Children with Attention-Deficit Hyperactivity Disorder (ADHD) by Family Structure and Religious Practice
The 2001 cycle of the National Health Interview Survey (NHIS) showed that children in intact families that worshipped were least likely to have been diagnosed with Attention-Deficit Hyperactivity Disorder (ADHD). 
Family Structure: According to the 2001 cycle of the National Health Interview Survey, 4.7% of children in intact married families, 8.0% of children raised in remarried stepfamilies, and 8.6% of children living with a cohabiting parent had been told by a doctor that they had ADHD. Children living in single-parent families were most likely to have been diagnosed with ADHD (9.1%).
Religious Practice: The 2001 cycle of the National Health Interview Survey showed that fewer children from families who worshipped had been diagnosed with ADHD (5.2%) than children whose families did not worship (7.1%).
Family Structure and Religious Practice Combined: Children in intact families that worshipped were least likely to have been diagnosed with ADHD (3.7%), followed by children in intact non-worshipping families (4.8%) and non-intact worshipping families (6.9%). Children in non-intact non-worshipping families were most likely to have been told by a doctor that they have ADHD (8.6%)—more than double that of children in intact worshipping families.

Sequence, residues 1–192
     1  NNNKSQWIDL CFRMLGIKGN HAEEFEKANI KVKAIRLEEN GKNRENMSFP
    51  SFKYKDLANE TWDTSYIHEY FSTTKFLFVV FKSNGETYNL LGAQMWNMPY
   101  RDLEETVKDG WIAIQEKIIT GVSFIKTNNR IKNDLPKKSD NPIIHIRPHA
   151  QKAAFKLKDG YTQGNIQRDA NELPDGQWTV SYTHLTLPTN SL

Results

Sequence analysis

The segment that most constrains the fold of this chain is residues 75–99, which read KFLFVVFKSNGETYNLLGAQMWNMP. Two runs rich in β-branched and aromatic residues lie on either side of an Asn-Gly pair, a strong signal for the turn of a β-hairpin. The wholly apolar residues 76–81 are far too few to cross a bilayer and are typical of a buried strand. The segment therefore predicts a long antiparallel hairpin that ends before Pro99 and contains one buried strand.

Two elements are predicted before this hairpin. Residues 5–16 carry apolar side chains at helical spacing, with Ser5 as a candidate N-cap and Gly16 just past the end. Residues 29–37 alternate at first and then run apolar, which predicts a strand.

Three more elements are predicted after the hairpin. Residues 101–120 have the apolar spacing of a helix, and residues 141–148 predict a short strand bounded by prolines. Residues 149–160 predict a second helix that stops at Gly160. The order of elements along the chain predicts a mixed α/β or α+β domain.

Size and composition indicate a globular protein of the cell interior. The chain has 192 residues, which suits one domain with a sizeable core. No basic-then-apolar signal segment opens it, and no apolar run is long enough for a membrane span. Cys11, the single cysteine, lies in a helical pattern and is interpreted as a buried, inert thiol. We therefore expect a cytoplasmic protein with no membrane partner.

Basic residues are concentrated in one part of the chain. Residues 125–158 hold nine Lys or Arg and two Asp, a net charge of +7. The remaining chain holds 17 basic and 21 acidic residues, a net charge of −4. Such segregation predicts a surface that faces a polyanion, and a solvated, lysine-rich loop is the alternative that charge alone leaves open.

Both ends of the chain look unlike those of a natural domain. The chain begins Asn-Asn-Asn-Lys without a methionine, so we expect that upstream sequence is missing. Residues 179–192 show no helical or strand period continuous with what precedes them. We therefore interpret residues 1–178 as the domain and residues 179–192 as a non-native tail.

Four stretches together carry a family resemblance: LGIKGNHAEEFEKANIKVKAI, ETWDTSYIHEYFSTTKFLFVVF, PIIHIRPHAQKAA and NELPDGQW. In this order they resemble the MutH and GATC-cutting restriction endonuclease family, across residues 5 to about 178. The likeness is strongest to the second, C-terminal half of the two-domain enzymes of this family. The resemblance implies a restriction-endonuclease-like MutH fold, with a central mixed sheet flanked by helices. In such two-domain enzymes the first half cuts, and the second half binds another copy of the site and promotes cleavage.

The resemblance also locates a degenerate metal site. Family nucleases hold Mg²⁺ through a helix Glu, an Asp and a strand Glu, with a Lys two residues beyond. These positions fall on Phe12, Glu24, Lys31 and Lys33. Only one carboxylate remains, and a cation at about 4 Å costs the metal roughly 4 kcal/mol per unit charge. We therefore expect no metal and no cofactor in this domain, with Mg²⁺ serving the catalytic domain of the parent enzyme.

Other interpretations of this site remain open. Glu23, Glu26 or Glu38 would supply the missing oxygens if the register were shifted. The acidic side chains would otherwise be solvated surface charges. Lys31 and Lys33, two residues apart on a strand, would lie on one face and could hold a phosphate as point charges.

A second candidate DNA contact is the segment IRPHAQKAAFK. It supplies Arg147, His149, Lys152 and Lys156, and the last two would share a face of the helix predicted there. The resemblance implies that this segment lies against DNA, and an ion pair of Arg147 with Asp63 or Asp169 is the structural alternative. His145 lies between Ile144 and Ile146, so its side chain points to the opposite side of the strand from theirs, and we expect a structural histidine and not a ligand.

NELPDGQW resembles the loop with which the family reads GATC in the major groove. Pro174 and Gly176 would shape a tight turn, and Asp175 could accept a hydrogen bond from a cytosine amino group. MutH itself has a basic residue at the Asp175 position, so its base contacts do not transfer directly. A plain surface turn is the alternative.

Related Insights from Other Studies: A robust collection of research shows that family structure can significantly impact the mental health of children. Ann-Margret Rydell found that single parenthood and step-parenthood was associated with high levels of ADHD symptoms, and that family conflict had a strong additive effect on the level of ADHD symptoms in children (beyond the effects of demographic factors).  Using the National Survey of Children’s Health, Matthew D. Bramlett and Stephen J. Blumberg found that more than two times as many children raised in blended step-families, blended adoptive families, and grandparent families were ever told their child has ADD/ ADHD than children raised in two-parent families. These studies reiterate that children tend to be healthier in two-parent biological families.
 A worshipping family has attended at least one worship service in the past two weeks.
 These charts draw on data collected by the National Health Interview Survey, 2001
 Rydell, Ann-Margret. “Family factors and children’s disruptive behavior: an investigation of links between demographic characteristics, negative life events and symptoms of ODD and ADHD.” Sociological Psychiatric Epidemiology 45 (2010): 233-244.
 Bramlett, Matthew D. and Blumberg, Stephen J. “Family structure and children’s physical and mental health.” Health Affairs 26 (2007): 549-558.